12/01/2004 - "Every geologist dreams of going out on his own and becoming an independent geologist." Chuck Tenney, a long-time Casper area resident, saw that dream come true in the mid-sixties. During one of the oil busts when major companies like Sinclair, Shell, Gulf and Pan Am were pulling up stakes and taking many residents with them, Chuck and his wife Hally came to a crossroad.
"We'd put down roots here," Chuck said. They decided that the nice severance Chuck had received from Sinclair was just what they needed to pursue their dream. "The Lord's blessed us ever since."
Hally talks about how nice it was to see Casper grow up. Chuck agrees, "There were a lot of nice people here in the fifties, but so many were with oil that there wasn't much town loyalty. Everyone thought they were just here for a short time. Now there is more community spirit." He recalls how seeing the YMCA built helped Casper to feel more like a permanent place to live for many.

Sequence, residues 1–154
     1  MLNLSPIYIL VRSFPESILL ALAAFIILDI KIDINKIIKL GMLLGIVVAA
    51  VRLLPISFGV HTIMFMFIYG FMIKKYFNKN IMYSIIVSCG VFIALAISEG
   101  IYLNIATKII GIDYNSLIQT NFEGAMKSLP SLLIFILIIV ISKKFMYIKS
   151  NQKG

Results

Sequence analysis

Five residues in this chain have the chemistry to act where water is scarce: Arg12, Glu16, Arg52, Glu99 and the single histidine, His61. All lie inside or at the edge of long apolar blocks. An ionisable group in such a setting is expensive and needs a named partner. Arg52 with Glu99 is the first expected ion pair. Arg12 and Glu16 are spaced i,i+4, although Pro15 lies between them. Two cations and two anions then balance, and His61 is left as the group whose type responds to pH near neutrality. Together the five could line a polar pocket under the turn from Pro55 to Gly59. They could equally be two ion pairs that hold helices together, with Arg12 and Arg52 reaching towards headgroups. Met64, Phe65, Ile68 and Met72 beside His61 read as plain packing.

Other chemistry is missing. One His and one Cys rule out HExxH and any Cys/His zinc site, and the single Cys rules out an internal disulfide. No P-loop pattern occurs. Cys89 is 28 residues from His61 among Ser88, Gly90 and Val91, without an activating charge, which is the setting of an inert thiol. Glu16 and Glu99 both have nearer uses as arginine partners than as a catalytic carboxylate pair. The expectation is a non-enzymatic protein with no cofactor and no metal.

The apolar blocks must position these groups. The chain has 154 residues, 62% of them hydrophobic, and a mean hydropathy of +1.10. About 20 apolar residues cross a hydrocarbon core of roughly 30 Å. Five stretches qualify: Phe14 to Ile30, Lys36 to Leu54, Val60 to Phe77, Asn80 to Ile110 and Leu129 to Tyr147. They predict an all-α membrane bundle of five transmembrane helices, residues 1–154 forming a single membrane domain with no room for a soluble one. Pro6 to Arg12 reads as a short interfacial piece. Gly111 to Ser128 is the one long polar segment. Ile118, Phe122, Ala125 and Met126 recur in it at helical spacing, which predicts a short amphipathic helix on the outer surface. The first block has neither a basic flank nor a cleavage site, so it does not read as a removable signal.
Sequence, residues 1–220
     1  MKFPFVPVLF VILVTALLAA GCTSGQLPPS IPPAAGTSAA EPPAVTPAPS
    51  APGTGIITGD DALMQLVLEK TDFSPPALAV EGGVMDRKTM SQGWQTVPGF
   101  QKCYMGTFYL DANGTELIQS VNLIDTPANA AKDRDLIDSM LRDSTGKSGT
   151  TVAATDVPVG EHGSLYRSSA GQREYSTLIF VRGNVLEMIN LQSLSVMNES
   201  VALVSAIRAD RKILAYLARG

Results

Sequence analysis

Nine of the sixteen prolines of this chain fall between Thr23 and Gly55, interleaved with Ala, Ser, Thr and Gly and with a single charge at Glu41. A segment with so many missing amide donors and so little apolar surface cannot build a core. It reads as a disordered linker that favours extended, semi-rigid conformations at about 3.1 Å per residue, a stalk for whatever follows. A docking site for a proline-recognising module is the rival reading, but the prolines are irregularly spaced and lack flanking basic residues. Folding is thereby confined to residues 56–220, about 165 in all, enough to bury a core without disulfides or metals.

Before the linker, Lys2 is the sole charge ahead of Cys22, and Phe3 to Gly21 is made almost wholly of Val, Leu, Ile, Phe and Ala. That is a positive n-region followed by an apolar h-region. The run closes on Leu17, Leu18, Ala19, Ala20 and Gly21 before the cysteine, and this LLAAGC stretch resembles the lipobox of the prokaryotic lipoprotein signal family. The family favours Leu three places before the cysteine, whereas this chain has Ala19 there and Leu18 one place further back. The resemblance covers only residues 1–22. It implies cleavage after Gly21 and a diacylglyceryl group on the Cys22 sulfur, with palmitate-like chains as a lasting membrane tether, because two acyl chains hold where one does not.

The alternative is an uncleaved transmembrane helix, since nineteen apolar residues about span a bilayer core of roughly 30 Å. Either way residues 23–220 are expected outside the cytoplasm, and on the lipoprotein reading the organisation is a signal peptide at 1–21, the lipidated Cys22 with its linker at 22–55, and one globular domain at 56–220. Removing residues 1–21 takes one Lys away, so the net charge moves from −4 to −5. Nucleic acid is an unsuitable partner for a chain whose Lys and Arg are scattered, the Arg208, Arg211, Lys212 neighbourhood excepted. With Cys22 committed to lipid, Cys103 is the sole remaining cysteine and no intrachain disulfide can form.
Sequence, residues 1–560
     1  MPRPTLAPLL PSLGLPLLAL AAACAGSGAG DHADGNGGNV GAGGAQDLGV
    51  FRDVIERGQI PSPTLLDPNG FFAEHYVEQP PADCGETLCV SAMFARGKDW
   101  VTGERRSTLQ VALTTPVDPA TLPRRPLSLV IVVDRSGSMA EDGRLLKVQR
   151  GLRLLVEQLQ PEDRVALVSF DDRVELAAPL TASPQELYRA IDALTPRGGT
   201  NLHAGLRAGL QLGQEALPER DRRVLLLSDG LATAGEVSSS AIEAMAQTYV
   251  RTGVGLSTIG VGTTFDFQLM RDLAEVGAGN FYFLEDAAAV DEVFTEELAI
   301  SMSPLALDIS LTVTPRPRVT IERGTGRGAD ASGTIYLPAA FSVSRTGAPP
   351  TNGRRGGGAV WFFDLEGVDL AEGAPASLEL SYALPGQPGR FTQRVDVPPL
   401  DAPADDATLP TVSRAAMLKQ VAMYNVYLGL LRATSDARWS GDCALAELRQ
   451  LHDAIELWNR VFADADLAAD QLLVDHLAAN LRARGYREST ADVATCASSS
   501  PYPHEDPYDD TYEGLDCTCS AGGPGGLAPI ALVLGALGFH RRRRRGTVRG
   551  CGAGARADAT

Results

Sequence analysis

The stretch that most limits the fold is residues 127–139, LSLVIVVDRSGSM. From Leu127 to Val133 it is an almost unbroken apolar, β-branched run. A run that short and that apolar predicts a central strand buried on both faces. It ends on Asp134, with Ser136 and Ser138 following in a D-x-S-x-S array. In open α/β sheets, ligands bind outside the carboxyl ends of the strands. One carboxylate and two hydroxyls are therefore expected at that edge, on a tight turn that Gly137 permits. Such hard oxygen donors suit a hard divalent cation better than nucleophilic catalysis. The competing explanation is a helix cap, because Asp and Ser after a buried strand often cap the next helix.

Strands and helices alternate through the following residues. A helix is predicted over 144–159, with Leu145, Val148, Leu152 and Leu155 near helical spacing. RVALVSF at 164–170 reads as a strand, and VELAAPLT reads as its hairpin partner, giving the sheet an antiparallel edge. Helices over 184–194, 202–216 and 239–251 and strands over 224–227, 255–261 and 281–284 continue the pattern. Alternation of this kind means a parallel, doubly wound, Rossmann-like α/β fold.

The couple first met at Itasca State Park in Minnesota. Hally was working there for a
5-week stint waiting tables at a restaurant in the park. Ironically, Chuck first met Hally's identical twin sister who was working with her. When he returned and met Hally, sparks flew and, 52 years later, they still do.
The Tenney's love story wasn't without bumps. Only a month after their wedding, Hally was diagnosed with polio. It was a scary time for the young couple but their faith and love saw them through. Chuck remembers teasing Hally's parents, "What? No 90-day warranty?"
They went on to raise 3 children -- Carol, Karen and Dave and now enjoy their five grandchildren –Rachel, Peter, Zack, Corey and Matt. "I like building stuff with 'papa'
and playing 'Go Fish' with grandma," Peter shares. Zack tells us "They love me to play cowboy", and Rachel enjoys spending time with them. "They love me" she says.
When asked what they like about Casper, Hally said, "There are the friendliest people here. I like the open spaces."
Chuck agrees. "The people are nice," he relates and, "it's great to see smaller businesses that have settled in here. There are a lot of innovative people here." Then he adds, "about the only downer is the wind."
Who in Casper can't relate to that?